60 rangatahi Māori get a kick start into health sector

By Regan Paranihi

Sixty young Māori high school students from across the country will take part in a three-day Rangatahi Health Symposium in Auckland that will allow them an opportunity to kick start a career in the health sector.

Tracey Cornell, Workforce Advisor for the Northland District Health Board says through this Symposium rangatahi will be able to experience first-hand what it takes to work in the health sector with the hope that the number of Māori working in health enhances.

“Māori are over-represented in our health system and under-represented as service providers in our communities. This symposium is a response to the need for greater diversity in the health sector so that it is more reflective and responsive to the needs of the communities we live in.”

Students will spend the day at Waitākere Hospital education centre where they will get to experience different aspects of health care in which will be followed by a full day at Massey University where they will engage with the biology, chemistry and psychology departments.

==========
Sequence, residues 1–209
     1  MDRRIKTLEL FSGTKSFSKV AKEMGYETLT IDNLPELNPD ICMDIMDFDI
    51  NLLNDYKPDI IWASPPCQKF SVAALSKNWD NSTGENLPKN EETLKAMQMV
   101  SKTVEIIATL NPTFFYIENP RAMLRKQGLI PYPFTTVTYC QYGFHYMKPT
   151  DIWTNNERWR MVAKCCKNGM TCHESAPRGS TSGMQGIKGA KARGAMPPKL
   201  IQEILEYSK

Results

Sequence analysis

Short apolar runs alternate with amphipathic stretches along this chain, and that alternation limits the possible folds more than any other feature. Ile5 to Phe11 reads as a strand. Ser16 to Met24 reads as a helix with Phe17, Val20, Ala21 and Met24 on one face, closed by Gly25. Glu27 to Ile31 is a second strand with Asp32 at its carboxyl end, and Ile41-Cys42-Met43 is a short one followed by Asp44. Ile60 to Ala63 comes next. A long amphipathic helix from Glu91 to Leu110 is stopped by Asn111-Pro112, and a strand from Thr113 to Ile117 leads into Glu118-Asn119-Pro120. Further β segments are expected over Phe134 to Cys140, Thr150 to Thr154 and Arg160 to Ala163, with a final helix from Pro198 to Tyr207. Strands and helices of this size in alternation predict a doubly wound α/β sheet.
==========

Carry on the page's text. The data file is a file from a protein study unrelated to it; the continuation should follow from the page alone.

“In a few years’ time I hope that some of the rangatahi at this symposium will be graduating university with degrees and going to work in our hospitals and clinics where our people need them,” says Cornell.

Last year saw 76 Māori health professionals graduate from Otago University, which is the largest cohort to have ever graduated from the university. The cohort included 40 doctors, 13 physiotherapists, five pharmacists, seven dentists, five oral health specialists, five doctors of clinical dentistry, and a bachelor of pharmacy graduate.

“Outcomes like what we saw in Otago last year is due in part to programmes like Kia Ora Hauora, working in our schools and tertiary institutions and alongside our whānau and communities, opening the eyes of our rangatahi to the opportunities that exist for them and then giving them the type of support they need to enter a career in the health sector,” says Cornell.

This initiative is organised by nationwide Māori health workforce development, Kia Ora Hauora, and runs from the 16-18 April.